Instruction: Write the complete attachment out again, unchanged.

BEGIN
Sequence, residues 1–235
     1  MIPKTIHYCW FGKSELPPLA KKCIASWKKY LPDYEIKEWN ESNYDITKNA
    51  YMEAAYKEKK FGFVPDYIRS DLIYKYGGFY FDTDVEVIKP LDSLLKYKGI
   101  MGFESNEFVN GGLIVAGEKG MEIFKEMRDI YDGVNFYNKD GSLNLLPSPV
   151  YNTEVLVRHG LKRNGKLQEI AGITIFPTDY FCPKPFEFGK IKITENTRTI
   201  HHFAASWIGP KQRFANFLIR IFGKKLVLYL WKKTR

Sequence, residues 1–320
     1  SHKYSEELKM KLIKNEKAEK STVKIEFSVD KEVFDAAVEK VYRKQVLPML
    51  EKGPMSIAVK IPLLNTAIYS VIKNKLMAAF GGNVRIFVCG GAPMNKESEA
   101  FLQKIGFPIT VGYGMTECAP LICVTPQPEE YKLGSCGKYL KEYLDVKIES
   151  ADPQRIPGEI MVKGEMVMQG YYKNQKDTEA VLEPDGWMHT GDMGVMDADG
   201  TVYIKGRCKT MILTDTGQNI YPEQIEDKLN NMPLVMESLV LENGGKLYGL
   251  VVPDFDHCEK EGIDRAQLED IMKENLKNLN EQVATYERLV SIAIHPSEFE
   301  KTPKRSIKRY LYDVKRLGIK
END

Sequence, residues 1–235
     1  MIPKTIHYCW FGKSELPPLA KKCIASWKKY LPDYEIKEWN ESNYDITKNA
    51  YMEAAYKEKK FGFVPDYIRS DLIYKYGGFY FDTDVEVIKP LDSLLKYKGI
   101  MGFESNEFVN GGLIVAGEKG MEIFKEMRDI YDGVNFYNKD GSLNLLPSPV
   151  YNTEVLVRHG LKRNGKLQEI AGITIFPTDY FCPKPFEFGK IKITENTRTI
   201  HHFAASWIGP KQRFANFLIR IFGKKLVLYL WKKTR

Sequence, residues 1–320
     1  SHKYSEELKM KLIKNEKAEK STVKIEFSVD KEVFDAAVEK VYRKQVLPML
    51  EKGPMSIAVK IPLLNTAIYS VIKNKLMAAF GGNVRIFVCG GAPMNKESEA
   101  FLQKIGFPIT VGYGMTECAP LICVTPQPEE YKLGSCGKYL KEYLDVKIES
   151  ADPQRIPGEI MVKGEMVMQG YYKNQKDTEA VLEPDGWMHT GDMGVMDADG
   201  TVYIKGRCKT MILTDTGQNI YPEQIEDKLN NMPLVMESLV LENGGKLYGL
   251  VVPDFDHCEK EGIDRAQLED IMKENLKNLN EQVATYERLV SIAIHPSEFE
   301  KTPKRSIKRY LYDVKRLGIK